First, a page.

In theorising about Werther – and yes, let that be a warning from the outset that that is what I am about to do – I am aware that I’m either walking a well-trodden path or will be scoffed at for my conclusions. I should probably do some research to find out which. But no, that would be cheating, so hey, here goes anyway.
Werther is a bit of a jerk. There, I said it. Yeah okay, not much of a theory as it stands, so let me justify it. This man, who is later to be so distraught in his love for an unattainable woman – unattainable because married – is introduced to us as having perhaps fled the discomfort of having been in affairs with two sisters and the ruck he caused in so doing. When he says he must reform himself in the wake of this, the reform he envisages is not of treating people with a little more respect but, rather, in letting the inconvenience trouble him when he should just forget about it and look to the future.
This is a man who can’t write official reports because his mind is so elevated that he has to break out into poetry, but that begs the question of whether he was, then, incapable of writing a shopping list unless the things he needed to buy formed themselves into rhyming couplets.
This is a man who condemns the local aristocracy for not protecting some trees in the neighbourhood when, if he were a prince himself, then… well, as it turns out, Werther’s mind wanders at this point and he realises that, were he to be a prince, he would probably have other ways of spending his time than protecting the local vegetation.
This is a man charmed by another we can only assume to be a rapist given that the man, in Werther’s mind, was motivated by a passion brought about by love.
And what is love for Werther? In all the acres of words he gives us in describing her, we get little sense of his beloved. We see glory and brightness and wonder and behind all this we assume a human being, but it would be difficult in all the refulgent descriptive to say who she is in herself, hidden as she is behind the projective glare. If I didn’t feel I knew her by the end, and find it difficult to believe Werther knew her very well either. She seems little more than a symbol of Werther’s own self-obsession, his self-indulgence. Moreover, I couldn’t help feeling that her husband, by Werther’s own account a decent chap, was given scant respect in all the melodrama, enduring it all with the patience of a saint. At one point we learn that Werther saw three choices in the end. To kill himself, to kill the husband, or to kill the beloved. Sure he made the right choice in the end morally if it had to be one of them, but it’s disconcerting the other options should even have crossed his mind as somehow reasonable.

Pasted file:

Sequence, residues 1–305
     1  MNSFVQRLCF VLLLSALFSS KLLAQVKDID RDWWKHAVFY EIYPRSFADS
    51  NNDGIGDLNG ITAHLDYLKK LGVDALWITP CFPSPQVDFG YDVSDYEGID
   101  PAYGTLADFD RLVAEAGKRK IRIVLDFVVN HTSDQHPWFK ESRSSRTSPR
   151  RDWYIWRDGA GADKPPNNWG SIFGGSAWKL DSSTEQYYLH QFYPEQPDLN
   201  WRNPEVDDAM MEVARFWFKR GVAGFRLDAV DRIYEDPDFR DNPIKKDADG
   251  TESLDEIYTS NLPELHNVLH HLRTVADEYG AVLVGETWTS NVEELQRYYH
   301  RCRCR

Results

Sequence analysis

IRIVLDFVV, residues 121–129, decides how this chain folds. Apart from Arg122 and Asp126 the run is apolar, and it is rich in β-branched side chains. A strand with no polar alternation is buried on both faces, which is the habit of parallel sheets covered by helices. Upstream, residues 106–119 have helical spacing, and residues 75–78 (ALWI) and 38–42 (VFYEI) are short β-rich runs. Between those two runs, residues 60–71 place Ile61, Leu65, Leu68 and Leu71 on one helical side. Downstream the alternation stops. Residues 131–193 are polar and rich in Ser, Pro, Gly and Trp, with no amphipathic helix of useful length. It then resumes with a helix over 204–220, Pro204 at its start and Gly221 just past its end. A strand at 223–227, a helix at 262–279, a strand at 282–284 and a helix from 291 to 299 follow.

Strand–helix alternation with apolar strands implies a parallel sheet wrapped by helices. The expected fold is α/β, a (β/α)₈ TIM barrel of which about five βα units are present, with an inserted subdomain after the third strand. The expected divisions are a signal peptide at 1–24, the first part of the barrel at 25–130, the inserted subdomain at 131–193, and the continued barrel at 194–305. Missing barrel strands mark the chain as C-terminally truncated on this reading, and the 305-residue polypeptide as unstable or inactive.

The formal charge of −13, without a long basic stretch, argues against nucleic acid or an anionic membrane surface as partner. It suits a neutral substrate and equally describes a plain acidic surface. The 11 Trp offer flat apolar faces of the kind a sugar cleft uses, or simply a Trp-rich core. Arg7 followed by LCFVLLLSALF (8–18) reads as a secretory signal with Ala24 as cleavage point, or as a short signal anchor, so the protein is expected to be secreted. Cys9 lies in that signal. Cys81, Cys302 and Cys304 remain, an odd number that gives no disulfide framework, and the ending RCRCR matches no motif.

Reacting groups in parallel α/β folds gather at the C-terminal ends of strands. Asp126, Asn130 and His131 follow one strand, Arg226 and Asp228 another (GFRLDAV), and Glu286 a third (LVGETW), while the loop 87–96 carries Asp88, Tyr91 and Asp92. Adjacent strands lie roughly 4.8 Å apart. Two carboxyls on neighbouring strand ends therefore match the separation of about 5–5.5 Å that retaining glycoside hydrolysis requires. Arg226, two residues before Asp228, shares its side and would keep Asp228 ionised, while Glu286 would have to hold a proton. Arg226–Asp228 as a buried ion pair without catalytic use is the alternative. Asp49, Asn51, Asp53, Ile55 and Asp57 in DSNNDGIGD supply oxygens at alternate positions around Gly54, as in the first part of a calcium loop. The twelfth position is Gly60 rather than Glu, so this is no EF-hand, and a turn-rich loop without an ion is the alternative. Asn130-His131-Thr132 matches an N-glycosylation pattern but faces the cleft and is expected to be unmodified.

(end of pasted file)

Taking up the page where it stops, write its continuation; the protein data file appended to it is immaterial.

Perhaps there is a measure of poignancy in a man living in a world that must be so perfect that it must oblige him in all his fitful imaginings, so much so that he kills himself when it doesn’t, but my desire throughout was to avert the crisis of the book’s closing by intervening with the psychological technique of slapping his face and telling him to pull himself together.
It’s reasonable to assume that Goethe, in giving us this portrait of a romantic hero, was being ironic, but he has an empathic way with Werther nonetheless. We are not presented with a buffoon. Far from it. Werther has interesting thoughts, makes some incisive observations. This is no caricature, not a one-dimensional character entirely shallow, and his observations are often illuminating. However, taken all in all, I can’t help feeling that the youth of the period of the novel’s publication who took to wearing the clothes Goethe describes Werther wearing in emulation of him were as much a source of amusement for Goethe as was Malvolio in his yellow stockings and crossed garters for Maria.
The work is excellent in its characterisation – largely of Werther given that he’s rather too self-absorbed to give us much of anyone else in his first-person narrative – but Goethe chose at the end to drift away from this form of presentation, breaking with Werther’s voice with good reason I’m sure, though I can’t for the life of me work out what that reason was. This made the end somewhat confused and unsatisfying. However, that aberration only mildly detracts from the intelligence and skill in composition of the work overall.